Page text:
Next, I gather possibilities. I research as many options as I can find. I eliminate those that are obviously not a good fit. The first couple of times I did this, I included every source I found. It was a colossal waste of time. I had to learn to trust my professional judgment. I also had to stop automatically dismissing anything expensive. Unless there is a specific budget, it is worthwhile to consider all the products. Sometimes the most expensive option really is the best fit.
I enter information for each strong option into my spreadsheet with as much accuracy as possible. Depending on what I am looking for, I might have Y/N columns in my spreadsheet. I always write as many descriptive notes as possible.
Many companies, especially for textbooks or software, provide limited pricing information. Once I have gathered as much as possible from available sources, I reach out to sales representatives.
Contrary to popular belief, Educational Sales reps are NOT the enemy. Despite the need for them to achieve sales, they are the most helpful people you are likely to encounter. Many are former teachers. Though some will attempt a bit of a hard sell, they appreciate directness and honesty. If I am not a lead that will lead to a sale and I say so clearly, that benefits both of us.
Most websites have a contact page that will allow you to submit a request for more information or contact a regional rep directly.
Any spaces left on my spreadsheet can almost always be filled in by a sales rep for the product. In some cases, they will even research competitors to ensure the information they provide is relevant.
Asking for quotes is easy. The first few times were really awkward for me. I felt like I was wasting someone’s time and who was I to demand information. I had to get over that too. Once I felt and acted more confident, I got better results anyway.
Sales reps can also provide demonstrations of products in several ways. I can request a single copy of texts. I can ask for a demo account for software programs. The reps can set up live webinars or provide videos of the product. I have found that it is worth the time to thoroughly explore all the options and use the demos. If possible, I try to get as many teachers as possible to voice an opinion as well.
Many questions about the product can really only be answered by using something.
- How user-friendly is the setup or interface? How similar or different is this to something teachers have used before?
- Will my teachers be open to it?
- How much training will be needed?
- Who will administer the program (set up electronic accounts or manage physical copies)? How quickly can this product be up and running?
- What will my administrator(s) love, hate, or question?
Investing time in 5-10 products that you’re really interested in so you really know their value is much more useful than trying to overview everything.
When all the legwork is done, then, and only then, I present my findings to the decision-maker(s).
In my experience, people appreciate the depth of my knowledge. Teachers like being included in the process of reviewing different options. Administrators like knowing the pros and cons. I like feeling like I know my stuff.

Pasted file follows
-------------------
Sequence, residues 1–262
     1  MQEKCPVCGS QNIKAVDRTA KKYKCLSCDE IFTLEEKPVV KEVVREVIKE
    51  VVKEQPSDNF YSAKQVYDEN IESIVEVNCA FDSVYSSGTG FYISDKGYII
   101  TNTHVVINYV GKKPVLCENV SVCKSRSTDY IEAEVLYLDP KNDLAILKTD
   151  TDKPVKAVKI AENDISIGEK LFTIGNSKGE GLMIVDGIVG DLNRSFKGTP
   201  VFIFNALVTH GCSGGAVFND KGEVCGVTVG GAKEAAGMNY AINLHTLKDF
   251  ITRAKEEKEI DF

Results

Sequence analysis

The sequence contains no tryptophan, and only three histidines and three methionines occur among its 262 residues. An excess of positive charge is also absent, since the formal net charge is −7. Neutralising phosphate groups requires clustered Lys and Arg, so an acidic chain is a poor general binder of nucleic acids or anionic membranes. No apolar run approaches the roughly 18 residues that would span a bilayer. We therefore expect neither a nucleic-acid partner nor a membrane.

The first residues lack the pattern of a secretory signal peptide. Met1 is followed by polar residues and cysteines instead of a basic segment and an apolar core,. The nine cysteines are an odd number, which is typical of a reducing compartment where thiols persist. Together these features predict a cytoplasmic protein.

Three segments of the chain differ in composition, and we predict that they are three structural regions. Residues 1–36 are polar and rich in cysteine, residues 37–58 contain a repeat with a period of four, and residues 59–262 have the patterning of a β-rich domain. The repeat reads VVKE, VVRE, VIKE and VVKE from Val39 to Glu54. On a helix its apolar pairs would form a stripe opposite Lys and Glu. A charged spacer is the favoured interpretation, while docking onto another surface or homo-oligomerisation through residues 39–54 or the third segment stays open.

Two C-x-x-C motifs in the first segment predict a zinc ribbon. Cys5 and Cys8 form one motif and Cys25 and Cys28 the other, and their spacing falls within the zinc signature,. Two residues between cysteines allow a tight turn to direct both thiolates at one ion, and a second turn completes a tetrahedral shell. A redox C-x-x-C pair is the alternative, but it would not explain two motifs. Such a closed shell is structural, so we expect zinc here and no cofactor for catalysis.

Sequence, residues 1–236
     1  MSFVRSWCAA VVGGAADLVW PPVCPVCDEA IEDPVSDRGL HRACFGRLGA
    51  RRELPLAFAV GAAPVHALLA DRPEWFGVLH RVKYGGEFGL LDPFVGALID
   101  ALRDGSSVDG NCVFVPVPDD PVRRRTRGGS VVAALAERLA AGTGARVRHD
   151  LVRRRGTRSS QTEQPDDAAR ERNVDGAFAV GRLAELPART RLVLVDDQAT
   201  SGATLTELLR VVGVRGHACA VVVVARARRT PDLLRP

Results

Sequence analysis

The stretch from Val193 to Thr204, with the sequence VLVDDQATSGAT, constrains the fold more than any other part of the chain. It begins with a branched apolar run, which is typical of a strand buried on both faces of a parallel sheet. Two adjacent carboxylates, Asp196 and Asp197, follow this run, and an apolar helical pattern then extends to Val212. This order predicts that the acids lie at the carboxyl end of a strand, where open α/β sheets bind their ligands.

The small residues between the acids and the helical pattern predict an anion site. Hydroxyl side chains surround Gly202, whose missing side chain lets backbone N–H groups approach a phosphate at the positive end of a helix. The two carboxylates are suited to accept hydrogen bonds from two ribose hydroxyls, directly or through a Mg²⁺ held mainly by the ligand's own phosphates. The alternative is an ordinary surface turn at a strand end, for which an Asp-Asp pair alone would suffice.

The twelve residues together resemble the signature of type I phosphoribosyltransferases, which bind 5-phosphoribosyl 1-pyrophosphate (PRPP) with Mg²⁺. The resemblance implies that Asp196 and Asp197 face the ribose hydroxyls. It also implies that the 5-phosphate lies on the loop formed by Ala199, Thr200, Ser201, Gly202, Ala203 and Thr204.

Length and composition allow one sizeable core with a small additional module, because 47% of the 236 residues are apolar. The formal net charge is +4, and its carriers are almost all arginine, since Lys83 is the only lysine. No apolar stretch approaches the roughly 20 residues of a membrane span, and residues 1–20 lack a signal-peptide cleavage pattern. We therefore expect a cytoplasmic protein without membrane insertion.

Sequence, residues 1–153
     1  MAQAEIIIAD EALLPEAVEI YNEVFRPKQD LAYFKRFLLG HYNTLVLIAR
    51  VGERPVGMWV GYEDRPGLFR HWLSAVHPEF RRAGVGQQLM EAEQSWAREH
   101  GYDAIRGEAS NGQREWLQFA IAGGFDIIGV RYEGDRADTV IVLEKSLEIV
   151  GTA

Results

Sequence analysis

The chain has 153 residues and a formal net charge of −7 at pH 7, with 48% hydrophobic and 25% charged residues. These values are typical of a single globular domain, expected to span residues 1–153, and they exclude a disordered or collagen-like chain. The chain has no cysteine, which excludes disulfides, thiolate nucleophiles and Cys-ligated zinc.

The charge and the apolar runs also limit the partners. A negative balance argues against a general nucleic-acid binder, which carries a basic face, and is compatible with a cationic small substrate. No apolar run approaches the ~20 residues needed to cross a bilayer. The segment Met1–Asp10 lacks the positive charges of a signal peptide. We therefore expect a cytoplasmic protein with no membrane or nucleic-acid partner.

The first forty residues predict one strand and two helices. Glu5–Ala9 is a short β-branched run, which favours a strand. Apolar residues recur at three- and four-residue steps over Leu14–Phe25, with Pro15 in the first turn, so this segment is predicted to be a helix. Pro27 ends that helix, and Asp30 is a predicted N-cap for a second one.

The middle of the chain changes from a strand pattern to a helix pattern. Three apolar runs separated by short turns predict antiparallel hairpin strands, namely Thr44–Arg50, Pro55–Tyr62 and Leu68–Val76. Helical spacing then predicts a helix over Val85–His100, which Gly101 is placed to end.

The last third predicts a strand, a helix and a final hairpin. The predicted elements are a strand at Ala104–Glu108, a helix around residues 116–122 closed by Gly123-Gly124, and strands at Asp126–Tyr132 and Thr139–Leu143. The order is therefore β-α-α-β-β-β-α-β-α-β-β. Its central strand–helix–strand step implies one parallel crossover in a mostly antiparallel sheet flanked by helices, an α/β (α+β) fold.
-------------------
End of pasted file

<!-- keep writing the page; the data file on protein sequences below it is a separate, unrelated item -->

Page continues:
There are times, of course, when time doesn’t permit such an elaborate process.
There are times when the materials I am seeking to evaluate are too narrow in scope or potential use to bother with this process.
When that happens, I have to rely on my professional judgment and make a choice.
In places where I have used this process, my choices have been viewed more favorably. I am rarely accused of making an arbitrary or ill-informed decision. This type of process for evaluating materials does more than help you determine a wise course of action. It also builds credibility and trust.
If for no other reason, that trust makes evaluating a variety of materials using a time-consuming process worth it. It helps that my teachers are also using quality products.
Though it isn’t usually in the job description, finding and implementing curriculum solutions is a part of the job. It can be rewarding. I believe that giving teachers the best tools possible for the goals they are trying to achieve makes everything else about coaching easier and more meaningful.
People talk. They gossip. They gripe about their colleagues. As a coach, I feel like I hear it all. To be successful, though, I can’t participate, no matter how tempting. It isn’t because I don’t enjoy gossip. And certainly, it isn’t because I have no […]
Remember your college days, where you were assigned to a group of peers who did not always have your work ethic or attention to detail? Did you carry that group to an “A” or mourn when they brought your grade down? The outcomes were important […]
It’s September and whether you’re starting school after Labor Day or you’ve been in school for a month, there’s no wrong time for helping your teachers take care of themselves. Use this printable to build relationships with your teachers.
To download this in a PDF, please click here.
Moving to a web-based assessment platform can be daunting. The hype is real. Here are twelve reasons it is totally worth it (and a couple of reasons to be cautious). Collaboration- It is possible to collaborate with teachers from all over the world with a web-based […]